For Wilmington's New Bishop, Fran Frenzy
Beloved both in the trenches and pews of his native Baltimore, the 64 year-old prelate known to the world as "Fran" served for two decades as the Premier See's second-in-command before being named to lead its rapidly-growing northeastern suffragan in early July; alongside all of Delaware, the Wilmington church includes the nine counties of Maryland's Eastern Shore.
In keeping with recent tradition, given the size of St Peter's Cathedral -- where a vespers service was held last night -- today's rites will take place at the larger St Elizabeth's in the see-city's southern section.
No video feeds will be available, but audio of the 2pm liturgy will be livestreamed via local radio outlet WDEL.
In print, the diocesan Dialog has extensive coverage -- complete with move-in shots of Malooly clad in t-shirt and shorts (above right) -- and Sunday's hometown News-Journal saw religion writer Gary Soulsman do the yeoman's work of cranking out both a straight look-ahead...
"I know so many of the clergy, I believe we'll have an easy transition," said Malooly, a native of Baltimore, who hopes to visit the 58 parishes by February....and a richly detailed profile:
The 2 p.m. ceremony will be in the city of Wilmington's largest Catholic church, St. Elizabeth, where a Mass will be celebrated after the installation.
In his homily, Malooly will apologize for sexual abuse of church members by priests in the diocese, he said.
At the end of August, he received a letter from Judy Miller, Delaware director of the Survivors Network of those Abused by Priests (SNAP), asking that the installation not be held at St. Elizabeth, home of the last three installations.
The Rev. Francis G. DeLuca, a former priest at St. Elizabeth and other local parishes for 35 years, has been the subject of eight abuse lawsuits and in August was officially defrocked or "laicized."
Malooly said Miller makes a good point. But by the time he received her suggestion, it was too late to move the service because the invitations had been sent.
"I regret we didn't think about this sooner," he said.
"He was always the best in all of us and the sort of person you were pleased to have as a friend," said John Baesch, a childhood friend.Suffice it to say, Go Phils, and Go Fran -- at long last, welcome to the neighborhood.
Like many on Sunday [at a farewell reception], Baesch stayed after worship for an outdoor reception with cake, cut fruit and sodas. It was held in the shade of a tree next to the church parking lot -- once a grassy field where Baesch, Malooly and friends played sports as kids.
At the reception were Steve and Sandy Smith. They were the second couple Malooly married after becoming a priest.
"Bishop Fran is like Jesus to me," said Sandy. "Jesus was supposed to have grown in wisdom, age and grace, in favor of God and in favor of man. Well that's how I feel about Bishop Fran."...
On one occasion, Malooly hit a baseball through a church window and went to confess.
"I remember Fran as a regular guy like everyone else," Delcher said.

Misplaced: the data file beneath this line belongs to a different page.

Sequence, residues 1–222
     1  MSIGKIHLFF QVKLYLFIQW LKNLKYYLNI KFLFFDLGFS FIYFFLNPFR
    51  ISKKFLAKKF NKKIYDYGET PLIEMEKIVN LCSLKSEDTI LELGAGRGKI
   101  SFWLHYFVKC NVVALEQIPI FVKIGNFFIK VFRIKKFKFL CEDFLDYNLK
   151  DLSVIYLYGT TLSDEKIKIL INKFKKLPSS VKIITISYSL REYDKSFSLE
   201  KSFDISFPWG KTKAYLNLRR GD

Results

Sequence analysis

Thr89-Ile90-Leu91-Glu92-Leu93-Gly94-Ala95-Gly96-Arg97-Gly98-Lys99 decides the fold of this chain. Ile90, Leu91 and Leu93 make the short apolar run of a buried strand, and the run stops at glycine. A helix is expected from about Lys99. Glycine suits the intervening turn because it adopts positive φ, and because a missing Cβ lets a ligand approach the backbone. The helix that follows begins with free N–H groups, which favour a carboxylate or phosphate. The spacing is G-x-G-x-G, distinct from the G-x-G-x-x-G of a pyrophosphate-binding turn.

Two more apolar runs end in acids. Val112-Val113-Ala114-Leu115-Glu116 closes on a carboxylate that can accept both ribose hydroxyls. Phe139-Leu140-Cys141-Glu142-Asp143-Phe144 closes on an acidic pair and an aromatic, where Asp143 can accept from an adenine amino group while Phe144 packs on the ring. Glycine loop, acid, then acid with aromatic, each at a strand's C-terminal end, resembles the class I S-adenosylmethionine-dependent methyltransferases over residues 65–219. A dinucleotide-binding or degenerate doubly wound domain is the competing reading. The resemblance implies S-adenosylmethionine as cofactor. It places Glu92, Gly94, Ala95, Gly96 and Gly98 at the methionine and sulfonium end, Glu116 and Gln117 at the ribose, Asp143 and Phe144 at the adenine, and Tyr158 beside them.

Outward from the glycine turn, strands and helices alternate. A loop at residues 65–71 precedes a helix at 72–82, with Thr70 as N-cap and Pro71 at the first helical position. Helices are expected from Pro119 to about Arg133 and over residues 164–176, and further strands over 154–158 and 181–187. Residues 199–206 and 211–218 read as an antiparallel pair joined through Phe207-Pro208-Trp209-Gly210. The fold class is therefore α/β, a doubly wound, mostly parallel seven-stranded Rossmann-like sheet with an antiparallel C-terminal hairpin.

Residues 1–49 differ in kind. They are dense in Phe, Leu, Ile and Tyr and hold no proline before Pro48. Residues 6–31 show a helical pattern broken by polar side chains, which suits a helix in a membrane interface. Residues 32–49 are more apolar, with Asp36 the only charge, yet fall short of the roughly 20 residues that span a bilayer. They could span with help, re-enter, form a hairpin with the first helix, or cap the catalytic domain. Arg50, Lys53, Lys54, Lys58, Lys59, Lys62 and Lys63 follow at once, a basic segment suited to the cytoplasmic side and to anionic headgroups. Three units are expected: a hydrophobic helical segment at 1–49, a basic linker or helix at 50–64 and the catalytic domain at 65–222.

The Maloolys attended weekly Mass, novenas on Wednesday night and sometimes would say the rosary after dinner.
Even as a teenager, Malooly never had an unkind word for anyone, said Baesch.
"And you know how most teenagers are," he added.
In fifth grade, Malooly became an altar boy and, living only a few doors from the church, was called on when other servers did not show up.
"I became a parish priest because the men I saw in this role were happy," he said.
One was Monsignor Jim Cronin of St. Ursula who felt that with God's presence "there was nothing better than to be glad and to do well during life."
Another who seemed happy was his mother's brother, Bishop T. Austin Murphy, who ordained Malooly in 1970 at St. Ursula. The bishop and other members from his mother's side of the family often vacationed in Ocean City, Md.
And it wasn't long before Malooly talked to his parents about training to be a priest, which meant entering Baltimore's St. Charles seminary, a residential high school, in Catonsville (now closed). This was followed by college-level seminary training at St. Mary at Paca Street and what is now St. Mary's Seminary and University.
"My parents thought I should wait until after high school," he said. "But I recalled my father saying he was in sixth grade when he knew he wanted to be a chemist. And I reminded him of that."
So they let him go, coming to see him once a month, often bringing a picnic.
"They gave me a great gift by telling me if I ever wanted to come home that I could call and they would pick me up."
Even with the seminary's regimented seven-day "boot camp" schedule, he says he never regretted becoming a priest.
And he believes one of his roles is to model, not just endurance in the face of suffering, but a joy in living.
In 2005, he drew on his faith when two teens held him up at gunpoint. He'd finished a half hour of exercise on a stationary bike and stepped outside his apartment -- at St. Thomas More Parish on McClean Boulevard -- to cool down.
"When they held the gun to my head I opened my car and gave them about $10 from my glove compartment, and they walked away," he said.
Then something happened, and the young man carrying the gun shot himself in the leg.
"It was scary in retrospect," said Malooly.
"The other fellow, without the gun, had said something like 'You seem like a nice fellow. I'm sorry we did this to you.' "
After Malooly reported the crime, the teens were arrested.
"Everyone is redeemable," he said. "I hope somehow they've gotten their lives together."
PHOTO: Chuck McGowen/The Dialog